By JORDAN SHAPIRO
(JEFFERSON CITY, Mo., AP) — The Missouri Senate endorsed legislation Monday to overhaul the state’s criminal laws for the first time since 1979 and create new punishment ranges for felony and misdemeanor crimes.
The bill would need another affirmative vote in the Senate before it could move to the House. Supporters say it would enact tougher penalties for repeat and persistent offenders, while looking at whether first-time nonviolent criminals should have lengthy stays in prison.
“It gets the right criminals off the street and keeps them off the street,” said sponsoring Sen. Jolie Justus, D-Kanas City.
Monday’s vote comes after weeks of negotiations among lawmakers and Gov. Jay Nixon’s administration, which expressed reservations that lawmakers were trying to do too much at the same time.
Acknowledging those concerns, the measure’s backers approved a version that’s 400 pages shorter than the original proposal. Justus said the pages were “probably unnecessarily” removed, but that the bill was still effective.
“We are still tackling the toughest portions of getting this done,” she said about the pared-down measure. “It still addresses all the substantive issues.”
Nixon’s office and some other lawmakers had suggested the measure should be broken down into smaller, separate bills to deal with individual subsets of crimes, such as assault and property offenses. But the measure’s backers insist that approach wouldn’t work because the measure changes various jail terms throughout all types of crime to conform to the new felony and misdemeanor structure.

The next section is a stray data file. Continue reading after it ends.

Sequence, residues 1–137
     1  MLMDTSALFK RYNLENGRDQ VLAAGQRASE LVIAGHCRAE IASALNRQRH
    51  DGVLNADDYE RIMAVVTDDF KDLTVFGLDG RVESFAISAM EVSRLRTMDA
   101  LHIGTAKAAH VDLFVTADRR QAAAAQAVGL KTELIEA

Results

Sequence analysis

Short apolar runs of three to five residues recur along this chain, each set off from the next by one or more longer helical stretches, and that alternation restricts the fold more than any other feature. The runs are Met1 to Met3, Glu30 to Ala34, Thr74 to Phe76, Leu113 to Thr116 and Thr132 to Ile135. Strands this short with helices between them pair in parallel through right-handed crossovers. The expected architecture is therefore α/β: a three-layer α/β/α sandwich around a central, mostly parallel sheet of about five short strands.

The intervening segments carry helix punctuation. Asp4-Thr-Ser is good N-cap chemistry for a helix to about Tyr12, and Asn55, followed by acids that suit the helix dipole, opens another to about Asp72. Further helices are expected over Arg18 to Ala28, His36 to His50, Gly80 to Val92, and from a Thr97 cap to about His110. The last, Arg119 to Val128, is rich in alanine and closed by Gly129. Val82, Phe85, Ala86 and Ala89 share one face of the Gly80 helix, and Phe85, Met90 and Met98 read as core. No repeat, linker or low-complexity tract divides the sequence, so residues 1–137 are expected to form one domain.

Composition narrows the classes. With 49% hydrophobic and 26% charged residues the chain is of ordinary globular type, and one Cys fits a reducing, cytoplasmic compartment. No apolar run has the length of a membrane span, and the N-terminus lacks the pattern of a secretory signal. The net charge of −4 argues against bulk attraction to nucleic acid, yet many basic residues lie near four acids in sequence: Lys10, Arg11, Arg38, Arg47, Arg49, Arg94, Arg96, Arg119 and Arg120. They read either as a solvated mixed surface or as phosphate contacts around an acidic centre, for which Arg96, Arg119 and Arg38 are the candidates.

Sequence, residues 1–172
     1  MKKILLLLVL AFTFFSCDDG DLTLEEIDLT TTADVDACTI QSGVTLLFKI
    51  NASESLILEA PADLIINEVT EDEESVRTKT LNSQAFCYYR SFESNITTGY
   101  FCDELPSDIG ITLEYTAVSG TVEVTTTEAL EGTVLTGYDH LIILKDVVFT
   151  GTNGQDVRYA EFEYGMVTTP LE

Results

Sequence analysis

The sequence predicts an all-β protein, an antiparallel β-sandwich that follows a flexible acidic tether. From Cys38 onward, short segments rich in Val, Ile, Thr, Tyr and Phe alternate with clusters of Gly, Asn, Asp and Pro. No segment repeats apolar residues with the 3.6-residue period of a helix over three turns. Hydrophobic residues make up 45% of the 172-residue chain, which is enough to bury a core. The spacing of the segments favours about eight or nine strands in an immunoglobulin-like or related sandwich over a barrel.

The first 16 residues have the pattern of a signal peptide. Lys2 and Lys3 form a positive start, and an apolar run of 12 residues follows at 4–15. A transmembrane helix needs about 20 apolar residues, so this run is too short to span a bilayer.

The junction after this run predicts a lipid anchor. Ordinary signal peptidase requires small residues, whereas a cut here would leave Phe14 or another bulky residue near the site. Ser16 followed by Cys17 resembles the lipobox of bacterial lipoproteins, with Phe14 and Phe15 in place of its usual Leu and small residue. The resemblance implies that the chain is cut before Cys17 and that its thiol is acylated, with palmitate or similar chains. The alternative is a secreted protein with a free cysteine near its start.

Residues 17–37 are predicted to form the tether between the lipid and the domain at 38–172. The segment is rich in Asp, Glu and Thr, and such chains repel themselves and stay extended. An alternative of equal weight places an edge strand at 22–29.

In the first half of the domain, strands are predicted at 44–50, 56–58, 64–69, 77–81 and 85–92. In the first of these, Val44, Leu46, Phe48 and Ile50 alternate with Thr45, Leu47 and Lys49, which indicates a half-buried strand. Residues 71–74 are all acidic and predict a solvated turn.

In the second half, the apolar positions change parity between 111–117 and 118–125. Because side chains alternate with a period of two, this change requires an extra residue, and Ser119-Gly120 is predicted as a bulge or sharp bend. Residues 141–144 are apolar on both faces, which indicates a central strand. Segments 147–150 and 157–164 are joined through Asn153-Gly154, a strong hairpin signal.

The new version of the legislation, which now runs about 700 pages, also addresses a previous point of contention over the reduction in punishment for some first-time marijuana offenders.
People convicted of possessing 35 grams or less of pot would not face jail time, but could be fined anywhere from $250-$1,000. Currently, offenders can receive up to a year in jail and a fine of any amount up to $1,000.
“This is actually a strengthening of sorts from what is being carried out now,” said Sen. Bob Dixon, R-Springfield, who noted the lack of a minimum fine under current law.
An earlier version of the criminal code overhaul would also have eliminated jail time, but reduced the maximum fine to $500.
While lowering potential penalties in that area, the bill boosts prison sentences for drunk drivers that kill someone while operating a vehicle. Parents and guardians charged with abandoning their children would face a longer prison term if the child dies or is seriously injured during the crime.
The criminal code overhaul was drafted by a Missouri Bar committee made up of prosecutors, public defenders, private defense attorneys, judges and lawmakers.
Criminal Code is SB491